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Letters   |    
A Web-Based System for Monitoring Patient Flow in an Emergency Department
David Gotlib, M.D.; Shirley Pullan, B.A.
Psychiatric Services 2011; doi: 10.1176/appi.ps.62.11.1395
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The authors are affiliated with the Department of Psychiatry, St. Joseph's Health Centre, Toronto, Ontario, Canada.

Copyright © 2011 by the American Psychiatric Association.

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To the Editor: We describe a simple-to-implement Web-based system that replaces the traditional dry-erase whiteboard for logging and tracking patient information in a psychiatry emergency consultation service. Patient information can be displayed for the treatment team and simultaneously shared with authorized users across a hospital's intranet.

St. Joseph's Health Centre is a large community hospital in Toronto with four inpatient psychiatric units and a busy emergency psychiatry team (EPT) based in the emergency department. Efforts to improve the flow of admitted patients from the emergency department to the inpatient units revealed a critical bottleneck in communication. To manage workflow, the EPT used a traditional dry-erase whiteboard, entering detailed information about patients referred, currently being assessed, and admitted and their order in the queue for beds.

Emergency department nursing staff and nurses on the inpatient units could obtain this information only by telephone contact with EPT clinicians. This method was unreliable because members of the EPT are often out of the office interviewing patients. The communication problems often resulted in significant delays in transfer to the inpatient units, and some patients were transferred out of the priority sequence.

Our solution was to create a Web-based version of the same system (http://dl.dropbox.com/u/49189/e-whiteboard/index.html) on the hospital's intranet. EPT clinicians enter information at their workstations. The page is displayed on a large TV monitor that replaces the old whiteboard. Dedicated monitors have been placed in the emergency department, psychiatry inpatient nursing stations, and managers' offices. No monitor is visible to patients or visitors. The page can also be seen on any computer in the hospital as long as the user has been granted access permission by the medical director or EPT manager.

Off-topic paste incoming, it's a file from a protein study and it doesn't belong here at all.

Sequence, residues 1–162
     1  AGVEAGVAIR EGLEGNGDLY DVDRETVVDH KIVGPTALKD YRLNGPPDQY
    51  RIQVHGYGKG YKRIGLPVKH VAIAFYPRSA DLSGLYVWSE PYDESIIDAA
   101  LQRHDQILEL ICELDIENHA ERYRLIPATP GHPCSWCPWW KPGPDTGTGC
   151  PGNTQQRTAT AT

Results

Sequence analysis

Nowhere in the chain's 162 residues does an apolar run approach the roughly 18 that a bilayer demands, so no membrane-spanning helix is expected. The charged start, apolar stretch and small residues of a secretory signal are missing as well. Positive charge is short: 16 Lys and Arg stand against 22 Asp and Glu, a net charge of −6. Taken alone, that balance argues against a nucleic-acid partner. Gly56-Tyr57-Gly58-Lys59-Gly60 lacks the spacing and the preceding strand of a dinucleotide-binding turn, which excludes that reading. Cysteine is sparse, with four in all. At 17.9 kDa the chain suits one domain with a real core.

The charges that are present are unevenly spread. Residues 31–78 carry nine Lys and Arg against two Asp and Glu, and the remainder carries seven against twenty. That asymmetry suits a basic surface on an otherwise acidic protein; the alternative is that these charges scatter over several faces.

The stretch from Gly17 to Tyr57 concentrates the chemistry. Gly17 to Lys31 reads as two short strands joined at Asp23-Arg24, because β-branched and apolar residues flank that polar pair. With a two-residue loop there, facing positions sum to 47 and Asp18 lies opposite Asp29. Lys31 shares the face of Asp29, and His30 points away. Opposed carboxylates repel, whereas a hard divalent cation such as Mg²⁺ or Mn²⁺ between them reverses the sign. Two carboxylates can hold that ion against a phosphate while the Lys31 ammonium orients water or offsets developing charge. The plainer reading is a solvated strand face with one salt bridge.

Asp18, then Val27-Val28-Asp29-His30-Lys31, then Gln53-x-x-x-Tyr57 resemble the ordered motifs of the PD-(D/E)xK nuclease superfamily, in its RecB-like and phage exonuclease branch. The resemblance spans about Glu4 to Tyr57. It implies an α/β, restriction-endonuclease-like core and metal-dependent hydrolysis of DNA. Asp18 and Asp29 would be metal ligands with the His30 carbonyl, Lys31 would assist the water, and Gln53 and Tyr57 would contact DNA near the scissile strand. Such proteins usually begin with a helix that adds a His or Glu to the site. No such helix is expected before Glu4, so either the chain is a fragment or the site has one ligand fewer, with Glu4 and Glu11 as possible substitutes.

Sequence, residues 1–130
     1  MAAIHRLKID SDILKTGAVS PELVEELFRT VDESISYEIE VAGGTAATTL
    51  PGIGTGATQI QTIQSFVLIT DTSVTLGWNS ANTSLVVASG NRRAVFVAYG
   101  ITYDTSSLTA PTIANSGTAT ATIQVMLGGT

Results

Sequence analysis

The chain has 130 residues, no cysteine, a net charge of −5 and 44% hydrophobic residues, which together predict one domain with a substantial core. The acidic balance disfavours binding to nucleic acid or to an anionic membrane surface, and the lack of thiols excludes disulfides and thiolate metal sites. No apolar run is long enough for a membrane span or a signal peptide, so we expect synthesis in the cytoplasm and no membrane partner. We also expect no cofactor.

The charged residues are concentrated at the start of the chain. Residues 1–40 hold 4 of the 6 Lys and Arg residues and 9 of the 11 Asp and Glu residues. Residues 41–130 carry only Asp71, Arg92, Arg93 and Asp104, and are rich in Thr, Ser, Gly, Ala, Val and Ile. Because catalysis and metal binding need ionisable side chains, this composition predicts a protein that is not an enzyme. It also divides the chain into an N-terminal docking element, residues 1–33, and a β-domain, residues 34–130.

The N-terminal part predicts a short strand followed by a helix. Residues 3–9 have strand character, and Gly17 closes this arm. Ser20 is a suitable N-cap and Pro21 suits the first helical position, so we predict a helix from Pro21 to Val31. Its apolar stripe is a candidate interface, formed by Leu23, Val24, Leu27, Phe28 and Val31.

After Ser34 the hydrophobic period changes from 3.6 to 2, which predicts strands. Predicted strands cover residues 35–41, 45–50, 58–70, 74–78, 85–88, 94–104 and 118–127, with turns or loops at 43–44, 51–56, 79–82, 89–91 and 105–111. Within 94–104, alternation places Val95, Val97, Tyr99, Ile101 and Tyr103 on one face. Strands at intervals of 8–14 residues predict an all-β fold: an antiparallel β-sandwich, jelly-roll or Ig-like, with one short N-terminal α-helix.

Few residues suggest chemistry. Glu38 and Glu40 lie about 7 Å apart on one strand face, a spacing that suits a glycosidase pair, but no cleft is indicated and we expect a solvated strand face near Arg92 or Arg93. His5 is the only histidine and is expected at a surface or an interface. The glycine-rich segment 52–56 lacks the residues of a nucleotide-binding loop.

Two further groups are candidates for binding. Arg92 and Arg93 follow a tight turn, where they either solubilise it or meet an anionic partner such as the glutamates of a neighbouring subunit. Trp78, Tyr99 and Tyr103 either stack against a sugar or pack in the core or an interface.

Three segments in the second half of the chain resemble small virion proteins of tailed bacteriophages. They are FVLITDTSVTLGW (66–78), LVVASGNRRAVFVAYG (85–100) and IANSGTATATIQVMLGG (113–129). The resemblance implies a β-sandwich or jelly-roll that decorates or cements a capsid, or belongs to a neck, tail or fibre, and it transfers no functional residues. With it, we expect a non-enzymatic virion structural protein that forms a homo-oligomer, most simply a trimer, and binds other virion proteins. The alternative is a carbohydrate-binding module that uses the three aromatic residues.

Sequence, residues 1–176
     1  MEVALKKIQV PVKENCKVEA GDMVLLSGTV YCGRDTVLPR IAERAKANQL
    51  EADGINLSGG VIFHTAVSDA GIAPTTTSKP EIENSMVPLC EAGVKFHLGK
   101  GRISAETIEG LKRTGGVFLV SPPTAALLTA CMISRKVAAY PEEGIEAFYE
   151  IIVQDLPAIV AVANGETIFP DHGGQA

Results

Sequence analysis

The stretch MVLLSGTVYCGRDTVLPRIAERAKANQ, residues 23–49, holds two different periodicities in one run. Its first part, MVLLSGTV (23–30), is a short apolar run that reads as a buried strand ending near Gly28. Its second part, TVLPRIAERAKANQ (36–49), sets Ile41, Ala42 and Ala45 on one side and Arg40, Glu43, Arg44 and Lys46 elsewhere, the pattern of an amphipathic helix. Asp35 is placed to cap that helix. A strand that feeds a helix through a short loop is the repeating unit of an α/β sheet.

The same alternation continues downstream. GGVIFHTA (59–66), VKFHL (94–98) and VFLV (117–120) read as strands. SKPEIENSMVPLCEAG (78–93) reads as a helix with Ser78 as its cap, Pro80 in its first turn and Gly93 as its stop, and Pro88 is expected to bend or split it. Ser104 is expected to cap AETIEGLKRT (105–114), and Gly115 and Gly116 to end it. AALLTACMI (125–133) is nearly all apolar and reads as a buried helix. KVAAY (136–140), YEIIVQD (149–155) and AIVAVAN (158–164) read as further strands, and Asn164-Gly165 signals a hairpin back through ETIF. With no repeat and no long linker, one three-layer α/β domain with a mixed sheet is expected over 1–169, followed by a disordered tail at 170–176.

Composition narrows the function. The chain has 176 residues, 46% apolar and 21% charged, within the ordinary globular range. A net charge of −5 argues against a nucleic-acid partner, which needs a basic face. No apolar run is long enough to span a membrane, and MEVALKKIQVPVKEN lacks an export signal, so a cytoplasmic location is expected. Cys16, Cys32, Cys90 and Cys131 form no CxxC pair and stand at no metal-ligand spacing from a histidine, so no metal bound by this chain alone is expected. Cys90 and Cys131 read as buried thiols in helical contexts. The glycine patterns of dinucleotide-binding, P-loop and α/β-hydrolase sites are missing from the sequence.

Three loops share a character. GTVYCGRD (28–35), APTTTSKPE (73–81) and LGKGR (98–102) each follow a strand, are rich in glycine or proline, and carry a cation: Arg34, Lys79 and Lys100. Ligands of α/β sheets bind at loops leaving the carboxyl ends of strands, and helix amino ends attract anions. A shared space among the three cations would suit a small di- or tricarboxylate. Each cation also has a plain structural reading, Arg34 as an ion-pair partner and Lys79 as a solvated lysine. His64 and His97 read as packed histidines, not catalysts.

The EPT medical director designed the Web-based system and conducted implementation and training. EPY members use a freeware HTML editing program (Kompozer), which operates like a word processer.

Per-patient waiting time for an inpatient bed has been reduced by 38% since introduction of the new system in July 2009, which permits the EPT manager to monitor the emergency department situation in real time and to immediately detect and address delays in transfer to inpatient beds. Inpatient nurses now know as soon as a patient is admitted—sometimes well before the admission orders are processed. Phone calls to the EPT for information displayed on the board have stopped. Conflicts between emergency department staff and inpatient staff resulting from failure to convey information have been eliminated.

The EPT clinicians find the system easy to use and much prefer it over the dry-erase whiteboard, which required them to frequently rewrite patient information as patients were discharged and the order in the queue changed.

A snapshot of the Web page is saved every 15 minutes, allowing us to collect statistics about team performance, patient flow, and length of stay in the emergency department in relation to volume of patients being served.

Computer technology is now both sufficiently advanced and user friendly that simple applications can create dramatic improvements in efficiency. Any organization with an intranet can apply this model to information sharing, without the expense of consultants and maintenance contracts.

The authors report no competing interests.




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